Magic Leap is working on a tiny 3D technology that can shine images on your retinas, creating augmented reality that blends the real world with fantasy.

Rachel Metz, who wrote about Magic Leap for MIT Technology Review, explained what the mystery company (a startup that raised $542 million from Google last October) is actually working on and how it differs from other virtual reality projects. It will compete with Sony’s Morpheus, Facebook’s Oculus Rift, and Microsoft’s HoloLens virtual reality and augmented reality technologies.

“Magic Leap had to come up with an alternative to stereoscopic 3-D – something that doesn’t disrupt the way you normally see things,” she wrote. “As I see crisply rendered images of monsters, robots, and cadaver heads in Magic Leap’s offices, I can envision someday having a video chat with faraway family members who look as if they’re actually sitting in my living room while, on their end, I appear to be sitting in theirs. Or walking around New York City with a virtual tour guide, the sides of buildings overlaid with images that reveal how the structures looked in the past.”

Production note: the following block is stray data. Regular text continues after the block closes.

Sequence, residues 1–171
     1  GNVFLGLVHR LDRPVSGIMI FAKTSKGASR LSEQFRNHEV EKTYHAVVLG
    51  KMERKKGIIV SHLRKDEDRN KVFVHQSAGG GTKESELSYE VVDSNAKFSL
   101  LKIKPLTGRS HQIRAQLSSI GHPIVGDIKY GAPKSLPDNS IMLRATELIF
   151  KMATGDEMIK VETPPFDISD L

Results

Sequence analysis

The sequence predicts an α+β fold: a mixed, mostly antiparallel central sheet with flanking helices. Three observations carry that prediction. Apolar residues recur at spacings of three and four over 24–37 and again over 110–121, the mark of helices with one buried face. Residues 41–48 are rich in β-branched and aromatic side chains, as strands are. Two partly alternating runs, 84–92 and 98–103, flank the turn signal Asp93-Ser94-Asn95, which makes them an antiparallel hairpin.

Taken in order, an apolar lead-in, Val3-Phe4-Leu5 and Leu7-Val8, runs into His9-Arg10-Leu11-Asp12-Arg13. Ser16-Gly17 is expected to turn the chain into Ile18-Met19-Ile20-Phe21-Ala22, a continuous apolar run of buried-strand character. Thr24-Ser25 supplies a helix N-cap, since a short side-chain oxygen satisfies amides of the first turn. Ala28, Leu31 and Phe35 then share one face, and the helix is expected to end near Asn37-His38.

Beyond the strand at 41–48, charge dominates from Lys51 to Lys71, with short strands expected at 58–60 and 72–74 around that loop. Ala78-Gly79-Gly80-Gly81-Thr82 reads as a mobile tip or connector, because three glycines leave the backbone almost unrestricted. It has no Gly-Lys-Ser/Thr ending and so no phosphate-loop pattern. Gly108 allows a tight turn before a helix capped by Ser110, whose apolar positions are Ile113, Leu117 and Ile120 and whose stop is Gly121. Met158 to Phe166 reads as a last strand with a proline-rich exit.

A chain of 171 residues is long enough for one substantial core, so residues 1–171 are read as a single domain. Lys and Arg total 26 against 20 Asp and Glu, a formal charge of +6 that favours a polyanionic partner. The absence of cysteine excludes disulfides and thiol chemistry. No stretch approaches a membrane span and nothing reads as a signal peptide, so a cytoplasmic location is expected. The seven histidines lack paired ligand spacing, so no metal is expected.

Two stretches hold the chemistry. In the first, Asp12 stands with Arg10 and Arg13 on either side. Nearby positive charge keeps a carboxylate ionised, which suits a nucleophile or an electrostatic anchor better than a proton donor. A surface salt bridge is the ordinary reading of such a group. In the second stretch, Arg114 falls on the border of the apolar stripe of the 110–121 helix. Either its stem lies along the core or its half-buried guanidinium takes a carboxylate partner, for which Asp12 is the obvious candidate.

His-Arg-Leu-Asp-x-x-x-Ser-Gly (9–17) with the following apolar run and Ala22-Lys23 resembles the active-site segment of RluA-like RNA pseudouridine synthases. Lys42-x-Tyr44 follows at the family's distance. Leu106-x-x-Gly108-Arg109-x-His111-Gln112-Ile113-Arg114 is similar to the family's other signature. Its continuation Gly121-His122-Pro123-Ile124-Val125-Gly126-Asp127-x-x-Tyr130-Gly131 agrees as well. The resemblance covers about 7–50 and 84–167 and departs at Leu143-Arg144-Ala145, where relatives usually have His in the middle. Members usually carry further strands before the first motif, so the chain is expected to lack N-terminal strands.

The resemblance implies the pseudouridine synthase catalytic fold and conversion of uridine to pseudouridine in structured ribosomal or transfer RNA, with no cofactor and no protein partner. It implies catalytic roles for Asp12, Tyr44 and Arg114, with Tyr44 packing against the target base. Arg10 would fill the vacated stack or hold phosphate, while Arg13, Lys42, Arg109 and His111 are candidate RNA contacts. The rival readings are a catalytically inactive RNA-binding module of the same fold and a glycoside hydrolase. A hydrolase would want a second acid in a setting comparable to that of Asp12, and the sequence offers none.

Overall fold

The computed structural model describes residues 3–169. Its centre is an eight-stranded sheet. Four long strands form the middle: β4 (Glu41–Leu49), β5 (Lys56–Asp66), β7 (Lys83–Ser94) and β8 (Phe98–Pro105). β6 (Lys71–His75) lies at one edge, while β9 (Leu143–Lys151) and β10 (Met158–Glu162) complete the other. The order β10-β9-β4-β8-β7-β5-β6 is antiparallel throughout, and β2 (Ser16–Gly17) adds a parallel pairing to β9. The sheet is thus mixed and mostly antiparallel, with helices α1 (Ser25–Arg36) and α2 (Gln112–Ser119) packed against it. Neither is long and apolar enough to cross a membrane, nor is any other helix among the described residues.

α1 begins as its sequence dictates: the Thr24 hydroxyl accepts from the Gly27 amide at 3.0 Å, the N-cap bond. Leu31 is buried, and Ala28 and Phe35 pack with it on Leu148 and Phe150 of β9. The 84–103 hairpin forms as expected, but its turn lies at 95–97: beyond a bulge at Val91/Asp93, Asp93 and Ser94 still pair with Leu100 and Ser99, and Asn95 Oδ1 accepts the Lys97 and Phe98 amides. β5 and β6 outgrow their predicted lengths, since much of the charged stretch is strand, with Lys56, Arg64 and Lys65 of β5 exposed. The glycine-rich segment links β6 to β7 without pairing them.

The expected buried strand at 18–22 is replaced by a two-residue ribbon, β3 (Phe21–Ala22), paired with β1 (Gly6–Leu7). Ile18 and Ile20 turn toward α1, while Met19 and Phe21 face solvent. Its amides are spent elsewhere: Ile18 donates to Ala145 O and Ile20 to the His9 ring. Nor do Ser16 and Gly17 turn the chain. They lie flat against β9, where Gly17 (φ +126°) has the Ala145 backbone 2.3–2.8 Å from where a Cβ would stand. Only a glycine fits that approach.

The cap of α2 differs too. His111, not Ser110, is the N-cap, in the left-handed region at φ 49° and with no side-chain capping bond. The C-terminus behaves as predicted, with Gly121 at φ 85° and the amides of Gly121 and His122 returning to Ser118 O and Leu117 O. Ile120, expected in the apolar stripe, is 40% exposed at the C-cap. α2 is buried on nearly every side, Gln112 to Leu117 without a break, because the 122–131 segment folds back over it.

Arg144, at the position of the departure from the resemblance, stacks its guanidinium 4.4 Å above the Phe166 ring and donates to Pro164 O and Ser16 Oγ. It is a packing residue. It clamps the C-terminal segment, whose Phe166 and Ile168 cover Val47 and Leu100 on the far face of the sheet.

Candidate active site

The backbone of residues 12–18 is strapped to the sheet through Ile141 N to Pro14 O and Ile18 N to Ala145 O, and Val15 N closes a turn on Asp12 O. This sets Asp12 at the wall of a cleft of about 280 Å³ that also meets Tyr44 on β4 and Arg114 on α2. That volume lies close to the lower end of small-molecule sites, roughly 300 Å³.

She wrote that the experience is like “watching movies where the characters appear to be right in front of me, letting me follow them around as the plot unfolds.”

The Dania Beach, Fla.-based Magic Leap hired sci-fi novelist Neal Stephenson as its “chief futurist.”

Magic Leap is combining that inherent visual ability with mobile computing – giving you visual output equivalent to when you step outside into the world, but powered by the mobile tech you... All Magic Leap news »

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